Today is the first day of buck hunting season (with firearms) in Pennsylvania. In NEPA it is almost national holiday status for many men and WOMEN. In fact, in our office, Kelly Tratthen, former Lakeland High School and University of Scranton Women’s Basketball standout, requested the day off two months ago. As a non hunter and vegetarian, I was surprised because hunting was the last thing on my mind. Well, suffice it to say, Kelly will be missed by our patients today, she is hunting in Wayne County with her entire family; mom, dad, two brothers, grandfather and boyfriend. This column is dedicated to Kelly and all hunters of NEPA. Good luck. Be healthy and safe!
While I am not a hunter, I am an avid outdoors person with great passion for mountain biking, kayaking, whitewater rafting, hiking and mountain climbing in our state and national parks. I offer hunter safety tips based on the knowledge of experts in the field and offer health safety associated with outdoor activity based on my expertise as a health care provider.
Hunting Safety Tips
- Take a hunting safety course (mandatory since 1982 for all first time hunters)
- Make sure someone is aware of where you will be hunting.
- Avoid hunting alone. If you go alone, be extra careful and hunt in familiar areas. Tell someone where you are hunting and when you expect to be home if you are hunting alone. Carrying a cell phone is a good safety precaution, especially if you are hunting alone.
- Dress properly and be prepared for the worst possible conditions to prevent hypothermia. It is easier to remove layers than to be without extra clothing.
- Check the weather forecast before going into the woods.
- Check hunting equipment before and after each outing, and maintain it properly. Familiarize yourself with its operation before using it in the field.
- Remember, hunting and the consumption of alcohol do not mix. There is a high incidence of accidents when the two are combined
- Tree-stand safety –
- Be wary of permanent treestands made from plywood and pine 2x4s. Thoroughly inspect their integrity beforehand. Falling limbs, wind and moisture weaken these treestands over time and can make them unsafe.
- Always wear a safety harness when hunting from a treestand. Every year, hunters get injured when they fall asleep and fall from their treestands, or slip and fall when climbing in or out of the tree.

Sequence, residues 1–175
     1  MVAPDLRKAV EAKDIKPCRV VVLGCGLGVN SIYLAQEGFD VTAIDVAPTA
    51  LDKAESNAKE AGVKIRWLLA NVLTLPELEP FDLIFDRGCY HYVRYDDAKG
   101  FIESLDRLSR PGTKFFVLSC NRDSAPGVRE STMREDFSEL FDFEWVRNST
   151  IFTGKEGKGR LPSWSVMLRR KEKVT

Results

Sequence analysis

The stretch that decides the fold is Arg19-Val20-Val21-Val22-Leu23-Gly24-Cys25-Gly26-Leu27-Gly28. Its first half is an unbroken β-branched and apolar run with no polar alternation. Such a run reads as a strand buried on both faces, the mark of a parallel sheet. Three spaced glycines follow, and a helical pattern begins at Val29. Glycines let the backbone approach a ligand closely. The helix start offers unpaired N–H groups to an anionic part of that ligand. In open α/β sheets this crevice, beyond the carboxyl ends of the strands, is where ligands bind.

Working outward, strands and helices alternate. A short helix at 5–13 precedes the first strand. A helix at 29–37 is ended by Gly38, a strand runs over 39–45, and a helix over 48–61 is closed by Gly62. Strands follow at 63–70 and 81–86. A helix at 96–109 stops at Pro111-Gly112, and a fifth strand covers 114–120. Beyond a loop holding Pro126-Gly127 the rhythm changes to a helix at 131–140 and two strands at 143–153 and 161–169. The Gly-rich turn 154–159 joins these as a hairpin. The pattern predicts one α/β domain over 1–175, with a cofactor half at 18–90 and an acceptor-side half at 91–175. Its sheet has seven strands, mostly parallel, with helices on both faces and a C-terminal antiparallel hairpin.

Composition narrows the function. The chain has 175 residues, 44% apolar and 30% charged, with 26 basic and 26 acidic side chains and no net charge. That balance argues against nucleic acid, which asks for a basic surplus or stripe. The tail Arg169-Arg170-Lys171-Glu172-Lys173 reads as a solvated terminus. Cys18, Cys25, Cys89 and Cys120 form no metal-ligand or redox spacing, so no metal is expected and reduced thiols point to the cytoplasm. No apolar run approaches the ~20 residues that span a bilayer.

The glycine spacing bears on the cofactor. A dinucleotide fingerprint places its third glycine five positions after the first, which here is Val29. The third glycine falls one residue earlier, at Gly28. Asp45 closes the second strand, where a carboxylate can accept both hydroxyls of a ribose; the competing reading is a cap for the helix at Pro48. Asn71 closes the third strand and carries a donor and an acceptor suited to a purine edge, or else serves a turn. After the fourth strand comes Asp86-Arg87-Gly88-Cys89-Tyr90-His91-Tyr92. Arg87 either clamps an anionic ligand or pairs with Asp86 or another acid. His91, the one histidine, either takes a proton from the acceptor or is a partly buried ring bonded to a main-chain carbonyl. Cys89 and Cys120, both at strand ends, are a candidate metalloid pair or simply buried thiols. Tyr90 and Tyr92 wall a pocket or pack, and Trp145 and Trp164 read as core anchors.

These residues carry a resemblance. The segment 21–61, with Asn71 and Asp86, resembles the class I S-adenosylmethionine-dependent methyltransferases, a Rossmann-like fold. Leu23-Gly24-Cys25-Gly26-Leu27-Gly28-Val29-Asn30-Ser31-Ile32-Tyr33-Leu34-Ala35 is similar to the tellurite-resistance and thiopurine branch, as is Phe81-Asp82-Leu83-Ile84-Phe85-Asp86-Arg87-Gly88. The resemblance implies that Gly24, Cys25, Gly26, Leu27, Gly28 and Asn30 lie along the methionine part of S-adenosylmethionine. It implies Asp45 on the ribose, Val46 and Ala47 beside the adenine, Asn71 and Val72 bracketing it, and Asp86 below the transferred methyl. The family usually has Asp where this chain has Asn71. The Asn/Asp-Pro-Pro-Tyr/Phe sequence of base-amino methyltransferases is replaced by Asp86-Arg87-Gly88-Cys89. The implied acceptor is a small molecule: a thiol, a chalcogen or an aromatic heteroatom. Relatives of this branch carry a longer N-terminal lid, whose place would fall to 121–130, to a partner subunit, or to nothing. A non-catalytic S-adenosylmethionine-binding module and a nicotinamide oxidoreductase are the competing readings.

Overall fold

- Wear hunter florescent orange. A hat and vest (or coat) that covers the chest and back area in solid orange is required by law. Hunter orange must also be worn by anyone accompanying a hunter.
- Identify your target before you put your finger on the trigger. Most fatalities are the result of mistaken-for-game accidents.
- Do not trespass. Get permission and know your property boundary.
- Never cross a fence, ride a 4-wheeler or climb a tree with a loaded rifle. Use a tow rope to pull your rifle up and down from your treestand.
- Never carry a loaded rifle in your truck or car, and be sure to unload your rifle when you get back to camp or when you stop hunting for the day. Assume that every rifle in camp is loaded unless the action is open and you can see that it's safe to handle.
- Be careful when dragging out your deer. Each year, hunters die from heart attacks as a result of overexertion. Get help if you can't handle the chore by yourself. Go slow and take your time.
- Art Lander, Jr., Outdoor journalist for the Herald-Leader in Daniel Boone National Forest, Kentucky
Read Part 2 on health and safety for hunters.
This article is not intended as a substitute for medical treatment. If you have questions related to your medical condition, please contact your family physician. For further inquires related to this topic email: email@example.com
Paul J. Mackarey PT, DHSc, OCS is a Doctor in Health Sciences specializing in orthopaedic and sports physical therapy. Dr. Mackarey is in private practice and is an affiliated faculty member at the University of Scranton, PT Dept.